Featured Image: RIGHT: Attendees at the opening ceremony of the business conference fill the room. LEFT: Senior and MBC CEO Emily Moody presents the keynote speaker at the opening ceremony of the conference on Nov. 13. McKenna Howenstine | Marlin Chronicle
With the end of the semester approaching, Virginia Wesleyan students and faculty can always expect the Marlin Business Conference to be in full swing. This fall’s conference occurred from Nov. 13-16. The conference is a requirement for the MBE 301: Principles of Management class.
Professor of Management, Business and Economics Dr. Frank Futyma has been teaching MBE 301 since Spring 2021, making this fall’s conference his sixth. Futyma’s role is to assist and guide students as they make decisions about how the conference will proceed, giving and teaching them the skills necessary to be successful.
“The Marlin Business Conference is a Wesleyan tradition,” Futyma said. “It is events, such as the Marlin Business Conference, that help to differentiate VWU from other colleges and universities. Having a conference every semester gives MBE 301 students the opportunity to take part in a real-world project.”
For the class, students are assigned the project of fundraising for, planning out and successfully putting on the week-long conference. Comprising a variety of keynote speakers, debates, panel discussions, student competitions and workshops, the Marlin Business Conference provides opportunities for attendees to network and get exposed to what Futyma refers to as “new business and technology trends.”
With the purpose of teaching students the skills of business organization and management, a student Chief Executive Officer (CEO) and Chief of Staff are chosen by the class. Since fundraising to make the conference financially possible is done entirely by the students, committees are also formed to get certain tasks done.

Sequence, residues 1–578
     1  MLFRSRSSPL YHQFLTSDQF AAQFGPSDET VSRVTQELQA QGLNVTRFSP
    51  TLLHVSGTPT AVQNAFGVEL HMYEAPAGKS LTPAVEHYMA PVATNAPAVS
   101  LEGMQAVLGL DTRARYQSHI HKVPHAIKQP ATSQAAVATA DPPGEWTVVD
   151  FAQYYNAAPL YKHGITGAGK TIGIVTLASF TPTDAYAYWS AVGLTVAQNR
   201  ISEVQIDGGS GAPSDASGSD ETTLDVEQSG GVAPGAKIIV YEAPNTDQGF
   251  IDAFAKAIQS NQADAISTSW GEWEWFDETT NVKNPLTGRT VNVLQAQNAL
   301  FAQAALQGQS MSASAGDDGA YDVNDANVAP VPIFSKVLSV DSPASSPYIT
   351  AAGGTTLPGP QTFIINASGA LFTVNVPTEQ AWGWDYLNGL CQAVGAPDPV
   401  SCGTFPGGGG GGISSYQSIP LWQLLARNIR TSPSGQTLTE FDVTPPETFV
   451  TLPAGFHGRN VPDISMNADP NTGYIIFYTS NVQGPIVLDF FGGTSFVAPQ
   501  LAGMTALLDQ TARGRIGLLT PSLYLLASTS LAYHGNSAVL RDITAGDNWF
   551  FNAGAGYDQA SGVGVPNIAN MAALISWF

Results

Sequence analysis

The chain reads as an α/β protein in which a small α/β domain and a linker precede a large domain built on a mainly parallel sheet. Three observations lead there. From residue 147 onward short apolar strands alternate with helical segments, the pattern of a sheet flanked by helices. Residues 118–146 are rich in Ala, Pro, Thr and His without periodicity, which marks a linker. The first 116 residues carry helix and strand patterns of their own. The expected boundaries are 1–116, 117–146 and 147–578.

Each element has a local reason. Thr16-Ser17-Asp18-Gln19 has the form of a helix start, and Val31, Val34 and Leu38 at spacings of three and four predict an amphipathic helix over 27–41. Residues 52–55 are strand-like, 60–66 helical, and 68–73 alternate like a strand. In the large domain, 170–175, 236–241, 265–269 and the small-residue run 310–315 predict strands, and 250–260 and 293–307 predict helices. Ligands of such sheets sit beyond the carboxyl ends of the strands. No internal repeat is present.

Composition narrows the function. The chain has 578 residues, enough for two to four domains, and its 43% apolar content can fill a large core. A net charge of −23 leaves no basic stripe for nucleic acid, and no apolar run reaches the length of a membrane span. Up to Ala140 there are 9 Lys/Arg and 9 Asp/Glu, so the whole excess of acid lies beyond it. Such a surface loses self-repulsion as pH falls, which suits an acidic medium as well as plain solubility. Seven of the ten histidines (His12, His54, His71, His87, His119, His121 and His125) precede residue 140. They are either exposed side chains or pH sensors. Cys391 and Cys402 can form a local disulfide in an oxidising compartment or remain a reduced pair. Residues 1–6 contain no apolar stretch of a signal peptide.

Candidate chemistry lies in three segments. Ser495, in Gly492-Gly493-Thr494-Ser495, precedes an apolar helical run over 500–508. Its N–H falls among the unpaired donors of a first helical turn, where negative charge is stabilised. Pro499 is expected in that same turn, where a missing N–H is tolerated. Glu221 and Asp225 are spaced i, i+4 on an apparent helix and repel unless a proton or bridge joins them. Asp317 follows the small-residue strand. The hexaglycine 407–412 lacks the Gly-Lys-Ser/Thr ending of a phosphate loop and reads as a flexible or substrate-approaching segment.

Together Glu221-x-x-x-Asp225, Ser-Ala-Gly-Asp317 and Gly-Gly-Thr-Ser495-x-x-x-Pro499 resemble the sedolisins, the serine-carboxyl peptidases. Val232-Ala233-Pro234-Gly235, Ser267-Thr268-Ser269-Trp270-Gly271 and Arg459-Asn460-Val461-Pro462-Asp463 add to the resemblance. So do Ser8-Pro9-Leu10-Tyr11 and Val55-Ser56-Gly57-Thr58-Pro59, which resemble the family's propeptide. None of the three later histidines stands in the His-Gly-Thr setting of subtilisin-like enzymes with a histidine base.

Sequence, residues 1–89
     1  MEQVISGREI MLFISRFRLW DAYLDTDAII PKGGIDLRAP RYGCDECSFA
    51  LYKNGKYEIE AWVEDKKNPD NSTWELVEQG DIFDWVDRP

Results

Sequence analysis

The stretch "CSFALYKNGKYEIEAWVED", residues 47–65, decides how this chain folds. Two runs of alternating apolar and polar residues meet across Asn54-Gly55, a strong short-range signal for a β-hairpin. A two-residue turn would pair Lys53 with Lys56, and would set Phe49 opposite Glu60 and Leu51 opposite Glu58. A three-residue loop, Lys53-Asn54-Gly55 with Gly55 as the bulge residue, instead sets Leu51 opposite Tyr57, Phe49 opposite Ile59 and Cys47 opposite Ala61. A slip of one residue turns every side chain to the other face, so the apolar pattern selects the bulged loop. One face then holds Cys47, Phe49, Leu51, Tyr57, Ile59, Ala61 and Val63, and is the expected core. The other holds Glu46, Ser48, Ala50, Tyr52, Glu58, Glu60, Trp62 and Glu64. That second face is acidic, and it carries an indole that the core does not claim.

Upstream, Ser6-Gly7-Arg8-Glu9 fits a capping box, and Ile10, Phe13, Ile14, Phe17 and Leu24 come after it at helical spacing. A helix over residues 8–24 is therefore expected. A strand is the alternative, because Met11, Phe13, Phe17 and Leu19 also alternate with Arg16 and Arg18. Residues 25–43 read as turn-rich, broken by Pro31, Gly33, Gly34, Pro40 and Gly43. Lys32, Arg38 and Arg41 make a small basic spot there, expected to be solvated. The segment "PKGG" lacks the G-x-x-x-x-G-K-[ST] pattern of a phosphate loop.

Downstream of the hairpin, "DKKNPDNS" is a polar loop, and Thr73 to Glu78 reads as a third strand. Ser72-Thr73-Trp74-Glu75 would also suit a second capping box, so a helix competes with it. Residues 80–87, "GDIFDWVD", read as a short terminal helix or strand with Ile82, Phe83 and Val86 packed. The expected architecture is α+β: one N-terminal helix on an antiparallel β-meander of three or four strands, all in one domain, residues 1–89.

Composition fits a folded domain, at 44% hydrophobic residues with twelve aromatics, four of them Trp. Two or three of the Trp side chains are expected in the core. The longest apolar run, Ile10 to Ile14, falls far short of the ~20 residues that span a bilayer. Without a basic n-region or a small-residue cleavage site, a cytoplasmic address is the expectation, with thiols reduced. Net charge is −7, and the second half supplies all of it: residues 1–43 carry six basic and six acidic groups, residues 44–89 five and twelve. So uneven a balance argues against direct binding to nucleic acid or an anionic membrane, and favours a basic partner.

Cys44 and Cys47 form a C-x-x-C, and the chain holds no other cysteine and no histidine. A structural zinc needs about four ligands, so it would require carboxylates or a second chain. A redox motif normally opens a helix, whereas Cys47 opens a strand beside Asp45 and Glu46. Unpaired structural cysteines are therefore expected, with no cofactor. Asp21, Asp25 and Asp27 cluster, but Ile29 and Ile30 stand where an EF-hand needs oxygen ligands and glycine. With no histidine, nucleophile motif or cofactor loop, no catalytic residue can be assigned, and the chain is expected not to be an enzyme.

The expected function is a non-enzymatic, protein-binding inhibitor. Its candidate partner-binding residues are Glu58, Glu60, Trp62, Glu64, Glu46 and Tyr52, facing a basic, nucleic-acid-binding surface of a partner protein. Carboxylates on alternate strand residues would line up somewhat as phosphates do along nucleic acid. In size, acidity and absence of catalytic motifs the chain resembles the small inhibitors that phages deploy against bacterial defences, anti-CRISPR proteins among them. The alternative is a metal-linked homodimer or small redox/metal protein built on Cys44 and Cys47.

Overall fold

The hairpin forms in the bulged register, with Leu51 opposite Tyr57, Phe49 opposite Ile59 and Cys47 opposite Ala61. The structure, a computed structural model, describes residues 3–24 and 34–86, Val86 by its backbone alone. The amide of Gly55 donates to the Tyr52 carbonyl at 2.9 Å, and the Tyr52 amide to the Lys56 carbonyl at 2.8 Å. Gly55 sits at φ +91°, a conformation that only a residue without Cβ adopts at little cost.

Junior Joslyn Woodard, the Chief of Staff for this fall’s conference, commented on the fundraising done.
“We worked extremely hard this year to fundraise for the conference,” Woodard said. “We actually broke records this year with our fundraising total due to the hard work. We did concessions for many sports games and ran very successful car washes as well as other things.”
The theme for this year’s conference was “Creating Opportunities through Technical Innovation.” Senior Emily Moody, the CEO, explained the process behind how the class came up with this title by brainstorming in small groups before coming together to find threads between all their ideas.
“Everything is so digital now, especially with things like ChatGPT and AI. We decided we wanted to focus on the technology of the business world because it’s so prevalent in today’s society,” Moody said. “The biggest purpose of the conference is to create opportunities and looking at the technical side of that is what we wanted to highlight.”
A particular highlight for each conference is the opening ceremony with its featured keynote speaker. Dr. Angela Reddix was invited as this semester’s keynote speaker. Reddix is a community leader, philanthropist, three-times bestselling author and founder of two organizations: ARDX, a professional services management and consulting firm, and Envision Lead Grow, an entrepreneurship program for young girls.
“At the beginning of the semester, we always have a meeting with President Miller to talk about the conference, and he had Dr. Reddix in mind,” Moody said.
Moody expressed her excitement in having the opportunity to hear from this prominent woman.
“Dr. Reddix is very impressive. She’s worked really hard for what she’s done,” Moody said. “She is a leader and a fantastic, self-made entrepreneur.”
Another exciting part of this semester’s conference was Tuesday night’s event at The HIVE, Virginia Beach’s Business Resource Center in Town Center. Moody touched on the importance of involving the business community outside of Virginia Wesleyan through events like this.
“Being able to go off-campus and involve other people in the community, not just our campus, is something that I think is really cool,” Moody said.
The Marlin Business Conference not only “is helping students learn new skills, but also teaches them how to go out in the business world,” Moody said. Involving the business world via the HIVE is one such way it accomplishes just that.
The Marlin Business Conference presents opportunities for those involved in business, both on and off campus. Students are given valuable opportunities to hear from and talk with many successful business people, and the possibility of securing a future job or internship is not unheard of.
By Phoebe Cox